Published by Tortoise Books, in June of 2016 The Pleasure You Suffer is available for purchase at your local bookstore.

Read more fiction book reviews at Centered on Books.

FTC Disclaimer: This book was given to me in return for a fair and honest review of the text.

‘A Shadow Bright and Burning’ by Jessica Cluess

a-shadow-bright-and-burning-cluessAn evocative and exhilarating read, Jessica Cluess’ first novel in her Kingdom on Fire series, A Shadow Bright and Burning is nearly impossible to put down. A young adult fantasy novel that addresses coming of age themes, feminist mentality, and issues inherent in discrimination and exclusion, A Shadow Bright and Burning is a book full of riveting content both on the surface of its plot and in the deeper realms of its layered meanings.

Henrietta Howel is a young orphan who finds that she might be the first female sorcerer in over 100 years, but can she live up to the expectations set for her? Living in Victorian England, Henrietta and her band of soon to be commended sorcerers are doing their best to fend off the seven Ancients, a group of demons released from Hell by a magician some years ago. Magicians after all are all bad: deceitful, evil, uncontrollable. Or are they?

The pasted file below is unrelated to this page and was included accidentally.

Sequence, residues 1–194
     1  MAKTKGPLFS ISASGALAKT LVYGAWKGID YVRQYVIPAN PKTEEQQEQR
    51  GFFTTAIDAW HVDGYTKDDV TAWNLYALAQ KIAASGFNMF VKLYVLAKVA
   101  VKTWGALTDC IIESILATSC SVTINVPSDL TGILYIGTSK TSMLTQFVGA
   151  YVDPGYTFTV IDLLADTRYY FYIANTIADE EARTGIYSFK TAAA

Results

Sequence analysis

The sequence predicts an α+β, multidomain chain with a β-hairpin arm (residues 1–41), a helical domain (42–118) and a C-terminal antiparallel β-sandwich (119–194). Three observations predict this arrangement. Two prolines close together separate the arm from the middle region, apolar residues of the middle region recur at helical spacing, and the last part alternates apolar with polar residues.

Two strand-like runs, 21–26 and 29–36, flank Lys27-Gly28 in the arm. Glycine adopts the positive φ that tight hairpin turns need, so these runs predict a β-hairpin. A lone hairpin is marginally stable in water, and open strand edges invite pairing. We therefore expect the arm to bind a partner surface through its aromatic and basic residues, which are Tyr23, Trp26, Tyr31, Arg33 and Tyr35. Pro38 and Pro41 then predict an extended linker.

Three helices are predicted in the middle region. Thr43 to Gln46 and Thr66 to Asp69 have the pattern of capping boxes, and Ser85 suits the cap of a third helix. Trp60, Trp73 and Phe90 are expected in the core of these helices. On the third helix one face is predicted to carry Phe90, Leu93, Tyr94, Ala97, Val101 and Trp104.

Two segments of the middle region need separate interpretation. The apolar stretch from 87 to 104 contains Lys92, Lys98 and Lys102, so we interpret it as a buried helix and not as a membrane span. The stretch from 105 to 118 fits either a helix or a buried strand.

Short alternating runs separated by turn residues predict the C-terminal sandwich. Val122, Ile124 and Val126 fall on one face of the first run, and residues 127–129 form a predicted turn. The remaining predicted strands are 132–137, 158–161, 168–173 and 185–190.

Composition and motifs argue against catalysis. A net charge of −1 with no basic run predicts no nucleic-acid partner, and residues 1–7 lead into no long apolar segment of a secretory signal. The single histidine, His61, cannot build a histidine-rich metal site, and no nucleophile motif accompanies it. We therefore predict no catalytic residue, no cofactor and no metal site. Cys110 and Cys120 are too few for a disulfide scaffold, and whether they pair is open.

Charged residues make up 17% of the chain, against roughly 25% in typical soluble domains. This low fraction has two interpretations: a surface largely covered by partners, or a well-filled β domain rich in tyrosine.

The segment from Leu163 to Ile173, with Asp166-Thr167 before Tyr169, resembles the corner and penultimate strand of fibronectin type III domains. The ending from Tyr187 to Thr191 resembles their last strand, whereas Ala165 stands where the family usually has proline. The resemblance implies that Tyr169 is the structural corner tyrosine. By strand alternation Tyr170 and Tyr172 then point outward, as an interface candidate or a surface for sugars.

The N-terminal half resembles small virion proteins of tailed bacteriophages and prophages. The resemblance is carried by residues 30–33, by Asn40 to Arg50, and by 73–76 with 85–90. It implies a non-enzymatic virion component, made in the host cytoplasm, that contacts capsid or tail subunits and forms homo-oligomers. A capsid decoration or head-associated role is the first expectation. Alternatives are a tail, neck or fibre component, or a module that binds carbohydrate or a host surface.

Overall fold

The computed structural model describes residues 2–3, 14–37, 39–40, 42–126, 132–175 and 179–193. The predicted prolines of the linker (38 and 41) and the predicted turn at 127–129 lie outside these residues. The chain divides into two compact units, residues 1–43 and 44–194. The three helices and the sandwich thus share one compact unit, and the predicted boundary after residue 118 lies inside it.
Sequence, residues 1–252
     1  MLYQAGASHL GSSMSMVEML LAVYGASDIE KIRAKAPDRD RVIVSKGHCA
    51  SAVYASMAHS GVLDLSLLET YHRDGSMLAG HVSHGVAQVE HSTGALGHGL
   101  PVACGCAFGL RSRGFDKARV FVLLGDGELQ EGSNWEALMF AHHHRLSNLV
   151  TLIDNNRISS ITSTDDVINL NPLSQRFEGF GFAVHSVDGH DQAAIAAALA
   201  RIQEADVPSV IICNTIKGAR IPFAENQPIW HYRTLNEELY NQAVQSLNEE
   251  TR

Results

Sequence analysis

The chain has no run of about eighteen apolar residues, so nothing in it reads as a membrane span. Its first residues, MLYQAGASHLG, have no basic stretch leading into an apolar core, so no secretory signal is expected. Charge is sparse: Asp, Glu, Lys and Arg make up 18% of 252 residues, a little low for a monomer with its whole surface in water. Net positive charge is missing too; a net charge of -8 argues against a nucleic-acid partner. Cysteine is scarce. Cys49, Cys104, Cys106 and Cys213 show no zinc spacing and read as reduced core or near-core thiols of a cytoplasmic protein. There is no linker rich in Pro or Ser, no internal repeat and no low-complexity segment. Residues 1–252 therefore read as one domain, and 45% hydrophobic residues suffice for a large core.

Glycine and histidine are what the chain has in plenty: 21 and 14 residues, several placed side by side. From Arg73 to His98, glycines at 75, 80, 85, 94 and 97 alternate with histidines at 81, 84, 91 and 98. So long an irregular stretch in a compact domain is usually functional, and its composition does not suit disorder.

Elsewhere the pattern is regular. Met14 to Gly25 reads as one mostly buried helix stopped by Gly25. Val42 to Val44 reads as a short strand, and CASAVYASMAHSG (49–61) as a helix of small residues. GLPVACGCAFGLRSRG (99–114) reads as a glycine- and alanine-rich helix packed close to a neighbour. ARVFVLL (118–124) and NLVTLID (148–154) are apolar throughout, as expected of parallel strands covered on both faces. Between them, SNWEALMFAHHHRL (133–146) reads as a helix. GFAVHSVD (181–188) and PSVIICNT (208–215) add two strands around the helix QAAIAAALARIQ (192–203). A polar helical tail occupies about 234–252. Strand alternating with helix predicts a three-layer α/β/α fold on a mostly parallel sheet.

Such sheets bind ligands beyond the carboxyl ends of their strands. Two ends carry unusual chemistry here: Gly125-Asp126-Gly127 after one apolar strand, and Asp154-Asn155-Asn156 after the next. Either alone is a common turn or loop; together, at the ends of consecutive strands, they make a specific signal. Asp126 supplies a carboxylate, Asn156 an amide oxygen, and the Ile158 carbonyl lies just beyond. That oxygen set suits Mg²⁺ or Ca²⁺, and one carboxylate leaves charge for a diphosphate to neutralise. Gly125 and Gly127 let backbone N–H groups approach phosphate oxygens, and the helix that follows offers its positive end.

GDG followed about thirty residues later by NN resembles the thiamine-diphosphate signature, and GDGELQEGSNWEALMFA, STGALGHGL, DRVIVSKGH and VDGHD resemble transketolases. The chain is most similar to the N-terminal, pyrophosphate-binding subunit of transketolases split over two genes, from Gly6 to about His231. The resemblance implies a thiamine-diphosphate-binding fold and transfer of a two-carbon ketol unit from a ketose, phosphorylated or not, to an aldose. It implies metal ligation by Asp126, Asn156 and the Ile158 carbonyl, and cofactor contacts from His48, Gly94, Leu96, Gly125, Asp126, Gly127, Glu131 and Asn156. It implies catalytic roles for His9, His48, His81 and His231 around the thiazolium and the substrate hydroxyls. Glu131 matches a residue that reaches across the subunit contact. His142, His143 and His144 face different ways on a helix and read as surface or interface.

Some people in the book say the same things about women, especially those women with magical powers. Henrietta is thrown into the world of sorcery with no training, and now she has to prove herself not only as a sorcerer, but as the lone female in a male dominated world. Coming up against issues many teenage, non-sorcerer women come up against, like love, lust, and sexuality, Cluess does a fantastic job of painting Henrietta as a strong-willed but conflicted female character.

The quintessential young adult fantasy novel, A Shadow Bright and Burning has all the right elements: an orphaned girl, multiple love interests, and a world in dire need of saving. But Cluess also brings so much more to the Kingdom on Fire series: she brings lessons of acceptance, empowerment, and loyalty.

Slated for released on September 20, 2016 by Random House Books for Young Readers, A Shadow Bright and Burning is available for preorder at your local bookstore.

Read more young adult fiction book reviews at Centered on Books.

FTC Disclaimer: This book was given to me in return for a fair and honest review of the text.

‘One Half from the East’ by Nadia Hashimi